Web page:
She adds, “The choreography has to be really good because there’s no bells and whistles or quirkiness that’s going to keep the audience’s attention. It really has to be beautiful, musical and interesting in its purity and the reflection of the music.”

Also on the program is Wheeldon’s Morphoses. As Cooper proudly states, ACB is only the third ballet company to perform the work after New York City Ballet and Washington Ballet. For those unfamiliar with the ballet, Morphoses is a complex and athletic ballet for four dancers set to György Ligeti’s String Quartet No. 1. ACB’s cast includes Juliann McAloon, Kara Zimmerman, Alexander Akulov and Marlen Alimanov. The music will also be performed live by Cezanne Quartet.

Rounding out the evening is Cooper’s Sisterhood, which the company premiered last May. The work features music by composer Quinn Mason and is a nice departure from Cooper’s classical roots. Instead of tutus and pointe shoes the dancers perform in trendy sportswear and sneakers.

When asked about these particular choices Cooper says, “I wanted to challenge myself with something different with the sneakers and clothing. Sneaker ballets are such a specific modern American thing. Just think of Jerome Robbins and Justin Peck does a lot of them now. I just wanted to explore something new, and that music I just loved.”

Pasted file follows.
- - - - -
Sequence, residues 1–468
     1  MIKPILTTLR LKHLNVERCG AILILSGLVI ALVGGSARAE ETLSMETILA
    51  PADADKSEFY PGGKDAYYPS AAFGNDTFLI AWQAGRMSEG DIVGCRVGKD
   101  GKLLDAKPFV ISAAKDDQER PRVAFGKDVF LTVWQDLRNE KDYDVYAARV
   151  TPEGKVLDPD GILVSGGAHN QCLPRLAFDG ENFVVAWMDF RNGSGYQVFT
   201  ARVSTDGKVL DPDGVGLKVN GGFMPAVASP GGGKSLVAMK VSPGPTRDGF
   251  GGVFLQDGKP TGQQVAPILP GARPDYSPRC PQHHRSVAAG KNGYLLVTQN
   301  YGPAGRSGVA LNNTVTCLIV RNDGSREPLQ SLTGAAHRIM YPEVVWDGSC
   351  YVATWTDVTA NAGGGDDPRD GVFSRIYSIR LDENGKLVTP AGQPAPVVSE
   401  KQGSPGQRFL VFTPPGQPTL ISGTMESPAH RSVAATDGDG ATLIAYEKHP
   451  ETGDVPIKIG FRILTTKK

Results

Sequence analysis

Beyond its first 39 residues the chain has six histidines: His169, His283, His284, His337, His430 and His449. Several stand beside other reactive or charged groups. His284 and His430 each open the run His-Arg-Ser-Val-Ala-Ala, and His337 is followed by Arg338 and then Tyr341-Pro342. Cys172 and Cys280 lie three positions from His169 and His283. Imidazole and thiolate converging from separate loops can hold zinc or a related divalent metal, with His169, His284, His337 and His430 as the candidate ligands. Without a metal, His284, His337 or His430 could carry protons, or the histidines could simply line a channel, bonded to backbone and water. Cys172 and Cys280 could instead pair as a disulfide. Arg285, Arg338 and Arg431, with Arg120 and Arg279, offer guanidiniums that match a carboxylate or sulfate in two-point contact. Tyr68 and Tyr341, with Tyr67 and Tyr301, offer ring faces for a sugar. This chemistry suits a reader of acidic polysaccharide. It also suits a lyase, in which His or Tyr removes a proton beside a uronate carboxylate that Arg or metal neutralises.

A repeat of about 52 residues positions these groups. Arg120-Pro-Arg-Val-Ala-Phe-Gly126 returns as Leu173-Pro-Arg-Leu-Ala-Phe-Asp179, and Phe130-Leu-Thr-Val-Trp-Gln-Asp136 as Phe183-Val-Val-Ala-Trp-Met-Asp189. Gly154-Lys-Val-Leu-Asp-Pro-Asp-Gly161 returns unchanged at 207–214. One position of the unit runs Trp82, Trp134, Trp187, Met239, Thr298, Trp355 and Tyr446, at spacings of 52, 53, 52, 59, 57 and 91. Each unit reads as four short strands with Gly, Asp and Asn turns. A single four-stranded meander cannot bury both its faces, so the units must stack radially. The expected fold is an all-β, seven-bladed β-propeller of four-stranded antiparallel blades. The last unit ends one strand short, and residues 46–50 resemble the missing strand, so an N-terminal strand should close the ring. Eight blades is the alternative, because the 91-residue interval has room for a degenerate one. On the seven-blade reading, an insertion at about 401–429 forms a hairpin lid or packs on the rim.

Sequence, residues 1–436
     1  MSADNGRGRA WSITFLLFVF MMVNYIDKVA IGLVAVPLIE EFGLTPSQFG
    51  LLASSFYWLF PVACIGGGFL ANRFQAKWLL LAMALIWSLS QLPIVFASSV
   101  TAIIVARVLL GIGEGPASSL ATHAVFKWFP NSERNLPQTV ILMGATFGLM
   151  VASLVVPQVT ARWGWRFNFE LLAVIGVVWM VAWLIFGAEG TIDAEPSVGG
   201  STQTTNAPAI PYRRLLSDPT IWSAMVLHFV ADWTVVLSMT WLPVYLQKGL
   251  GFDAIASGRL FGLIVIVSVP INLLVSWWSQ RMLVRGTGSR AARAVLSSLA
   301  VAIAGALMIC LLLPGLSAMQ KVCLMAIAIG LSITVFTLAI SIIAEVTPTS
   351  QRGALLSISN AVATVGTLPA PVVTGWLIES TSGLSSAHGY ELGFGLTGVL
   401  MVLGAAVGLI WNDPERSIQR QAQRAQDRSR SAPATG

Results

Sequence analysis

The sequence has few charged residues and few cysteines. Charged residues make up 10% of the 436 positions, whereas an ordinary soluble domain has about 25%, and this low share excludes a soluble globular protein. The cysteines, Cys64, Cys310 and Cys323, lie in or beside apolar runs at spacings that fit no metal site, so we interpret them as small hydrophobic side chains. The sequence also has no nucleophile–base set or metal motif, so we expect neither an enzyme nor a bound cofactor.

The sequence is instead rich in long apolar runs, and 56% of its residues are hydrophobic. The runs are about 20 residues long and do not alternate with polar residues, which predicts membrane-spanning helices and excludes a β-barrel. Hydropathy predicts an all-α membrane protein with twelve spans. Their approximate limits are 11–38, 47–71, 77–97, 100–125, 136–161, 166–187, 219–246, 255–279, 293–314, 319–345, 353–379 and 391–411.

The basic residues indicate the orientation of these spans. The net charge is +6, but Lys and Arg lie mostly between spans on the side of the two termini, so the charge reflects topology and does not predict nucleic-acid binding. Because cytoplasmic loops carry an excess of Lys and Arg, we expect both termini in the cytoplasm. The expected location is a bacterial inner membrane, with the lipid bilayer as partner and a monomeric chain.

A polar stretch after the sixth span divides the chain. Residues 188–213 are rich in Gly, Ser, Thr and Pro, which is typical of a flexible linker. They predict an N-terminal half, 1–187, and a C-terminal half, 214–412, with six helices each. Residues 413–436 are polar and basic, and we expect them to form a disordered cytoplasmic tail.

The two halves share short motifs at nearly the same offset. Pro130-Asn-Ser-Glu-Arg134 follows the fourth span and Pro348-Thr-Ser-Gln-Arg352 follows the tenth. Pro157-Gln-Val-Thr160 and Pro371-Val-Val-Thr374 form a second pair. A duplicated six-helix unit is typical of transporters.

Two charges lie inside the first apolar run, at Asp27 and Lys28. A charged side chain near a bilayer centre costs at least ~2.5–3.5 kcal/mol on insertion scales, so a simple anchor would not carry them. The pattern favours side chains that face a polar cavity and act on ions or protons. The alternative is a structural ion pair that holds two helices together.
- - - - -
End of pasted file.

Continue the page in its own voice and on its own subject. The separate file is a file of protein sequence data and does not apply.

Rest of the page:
Cooper adds that putting Sisterhood on this program just made sense because it creates a nice balance with the other works. “The three ballets are so incredibly different and that’s what you always hope for in a triple bill. That they all have their own internal world and they’re all radically different.”

Looking back on the last several years Cooper says the company has really developed into what she wanted. “I always said I wanted a company that I would have wanted to dance to in. That every show there’s good stuff that’s fulfilling for the artists both physically, mentally and emotionally.”

“To me, being able to present this season that we have going is really finally the culmination of a lot of years of work.”

>This preview was originally posted on TheaterJones.com.

 

Preview: Ballet Frontier of Texas’ 2019 Director’s Choice

Dancing Cowgirl

Company dancer Elizabeth Villarreal on her roles in Rodeo and Bamboo Flute Concerto, part of Ballet Frontier of Texas’ Director’s Choice this Saturday.
Elizabeth Villarreal. Photo: Courtesy of Ballet Frontier of Texas

Fort Worth — Like most aspiring ballerinas Elizabeth Villarreal fell in love with ballet at a very young age. She was put in her first dance class at the age of three, and 15 years later she’s still passionate about the art form. A Fort Worth native, Villarreal has spent the last 10 years training with Ballet Center of Fort Worth, under the tutelage of Chung-Lin and Enrica Tseng, and is currently celebrating her eighth season with Ballet Frontier of Texas.

“They are amazing and worked with me so well and took the time to know me and my needs,” Villarreal says about her training at Ballet Center of Fort Worth. “They knew what I needed to grow and therefore I never felt like I needed to leave.”